OCTOBER 22 – 28 – Check calendar for showtimes!
The Naro staff has chosen a few of Wes Anderson’s best live-action films to showcase in our run-up to the release of his newest feature The French Dispatch opening here on Nov 5th.
What is the Wes Anderson style? Is it a mixture of vintage tchotchkes, droll repartee, intricate and rich pastel set design? Well … yes, but there’s more to it than that, a lot of which has generally gone unnoticed. The Wes Anderson aesthetic is much more deliberate. It seems simple, but it’s actually complex. The viewer gets to enjoy a sophisticated, tongue-in-cheek feature that spoon-feeds its audience with inside-information. His stories are undeniably fun, and he is one of the only working directors who can pull off massive tonal shifts and shift genres within the same feature.
The Grand Budapest Hotel
Visually stunning, exceptionally well-acted, beautifully written, and masterfully executed, The Grand Budapest Hotel may well be Anderson’s crown achievement. A glorious hotel in the mountains is the location of many exciting events over the years, this is the story from the perspective of the present owner who was once a hardworking lobby boy mentored by the silk-tongued concierge played by Ralph Fiennes. Displayed on a miniature set that was carefully handcrafted, it makes for a gorgeous frame to go along with this treasure of film history. (2014, PG-13, 99 mins) Sun., Oct 24 @ 6:30 | Tue., Oct. 26 @ 5pm | Thu., Oct. 28 @ 8:15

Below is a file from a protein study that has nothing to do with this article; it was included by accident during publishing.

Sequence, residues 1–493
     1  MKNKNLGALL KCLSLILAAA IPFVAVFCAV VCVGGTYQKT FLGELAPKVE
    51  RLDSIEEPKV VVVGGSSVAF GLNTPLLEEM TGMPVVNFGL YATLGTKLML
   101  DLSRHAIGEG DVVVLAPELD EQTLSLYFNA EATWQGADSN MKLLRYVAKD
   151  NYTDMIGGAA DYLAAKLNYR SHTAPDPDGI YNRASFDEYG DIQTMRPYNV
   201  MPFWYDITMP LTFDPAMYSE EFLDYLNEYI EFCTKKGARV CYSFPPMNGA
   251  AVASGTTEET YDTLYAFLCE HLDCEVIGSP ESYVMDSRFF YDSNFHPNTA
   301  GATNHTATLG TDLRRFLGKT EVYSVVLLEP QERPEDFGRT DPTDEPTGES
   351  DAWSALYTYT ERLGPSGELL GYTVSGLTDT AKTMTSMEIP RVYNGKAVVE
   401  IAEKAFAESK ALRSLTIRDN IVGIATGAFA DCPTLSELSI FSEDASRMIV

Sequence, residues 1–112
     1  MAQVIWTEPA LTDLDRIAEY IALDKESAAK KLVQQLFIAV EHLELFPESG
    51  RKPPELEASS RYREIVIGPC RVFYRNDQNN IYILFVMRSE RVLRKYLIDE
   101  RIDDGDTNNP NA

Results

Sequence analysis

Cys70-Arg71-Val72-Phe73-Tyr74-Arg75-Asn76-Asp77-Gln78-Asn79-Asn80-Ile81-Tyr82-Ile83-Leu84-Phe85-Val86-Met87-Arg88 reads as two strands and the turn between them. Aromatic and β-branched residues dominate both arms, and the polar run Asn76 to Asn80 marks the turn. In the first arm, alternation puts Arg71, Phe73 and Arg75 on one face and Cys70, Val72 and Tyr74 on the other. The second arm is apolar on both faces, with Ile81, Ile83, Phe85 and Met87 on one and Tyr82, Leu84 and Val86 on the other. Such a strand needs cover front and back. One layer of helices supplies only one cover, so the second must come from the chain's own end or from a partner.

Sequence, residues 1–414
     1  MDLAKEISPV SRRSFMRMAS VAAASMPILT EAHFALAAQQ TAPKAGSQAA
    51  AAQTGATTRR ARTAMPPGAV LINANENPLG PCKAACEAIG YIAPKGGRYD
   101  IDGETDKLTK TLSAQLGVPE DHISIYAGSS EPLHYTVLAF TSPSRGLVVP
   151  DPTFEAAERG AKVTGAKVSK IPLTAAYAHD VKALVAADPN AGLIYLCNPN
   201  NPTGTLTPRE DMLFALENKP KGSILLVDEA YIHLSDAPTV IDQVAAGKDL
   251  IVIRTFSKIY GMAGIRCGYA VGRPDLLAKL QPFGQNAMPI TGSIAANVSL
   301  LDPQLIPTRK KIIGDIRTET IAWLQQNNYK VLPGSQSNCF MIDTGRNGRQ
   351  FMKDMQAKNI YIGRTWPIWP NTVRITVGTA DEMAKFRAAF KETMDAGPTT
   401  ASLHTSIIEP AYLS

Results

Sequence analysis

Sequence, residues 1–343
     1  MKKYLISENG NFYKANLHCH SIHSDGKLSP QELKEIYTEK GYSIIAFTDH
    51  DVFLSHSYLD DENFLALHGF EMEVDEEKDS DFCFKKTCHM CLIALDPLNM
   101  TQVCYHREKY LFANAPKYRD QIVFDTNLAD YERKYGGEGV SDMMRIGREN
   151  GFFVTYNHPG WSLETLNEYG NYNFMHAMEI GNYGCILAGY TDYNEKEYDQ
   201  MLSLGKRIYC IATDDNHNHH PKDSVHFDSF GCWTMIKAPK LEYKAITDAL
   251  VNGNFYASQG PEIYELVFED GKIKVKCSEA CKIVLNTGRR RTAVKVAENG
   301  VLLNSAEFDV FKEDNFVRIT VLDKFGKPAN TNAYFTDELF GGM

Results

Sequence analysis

The Royal Tennenbaums
One of the first films where we really start feeling the Anderson signature filmmaking style. This is a story about a big family and a whole smorgasbord of issues that arise from their physically and emotionally absent father. Featuring the biggest combination of on-screen talent of all his films, the performances are all incredibly poignant and carry all their own meanings. Plus, Alec Baldwin randomly narrates throughout the film which just gives it that shiny cherry on top. Thinking about this movie just brings back the emotions and the laughs that it consistently provides, making it an absolute highlight for movies released in the early 2000s. (2001, PG-13, 110 mins) Sat., Oct. 23 @ 4:30 | Tue., Oct. 26 @ 7:15 | Thu., Oct. 28 @ 6pm
With an entirely wholesome main plot that stays consistent with his theme of adventure, Moonrise Kingdom is one of Wes Anderson’s later live-action films where he really starts to get his formula down. On the island of New Penzance in 1965, there is a community that lives an abnormal, campy life, where two kids have fallen in love and decide they will run away together. The young character played wonderfully by Jared Gilman is much more courageous and bold than he was apparently, as the story plays out in a dreamlike fashion. (2012, PG-13, 94 mins) Fri., Oct. 22 @ 7pm | Mon., Oct. 25 @ 7:15 | Wed., Oct. 27 @ 5pm
The Life Aquatic
When marine biologist/documentarian/ship captain Steve Zissou (Bill Murray) loses his mentor to the legendary jaguar shark, he makes it his mission to hunt and kill the creature while, of course, documenting it all. The reason the movie is bleak is the main character, Steve Zissou (played wonderfully by Bill Murray), who provokes a strange sort of curiosity if the viewer chooses to look a little deeper and see his many life failures. This feature ranks quite high on the quirky scale even for our famously quirky creator, Wes Anderson. With Owen Wilson and Angelica Houston. (2004, PG-13, 119 mins) Sat., Oct. 23 @ 7pm | Mon., Oct 25 @ 4:45 | Wed., Oct 26 @ 7:15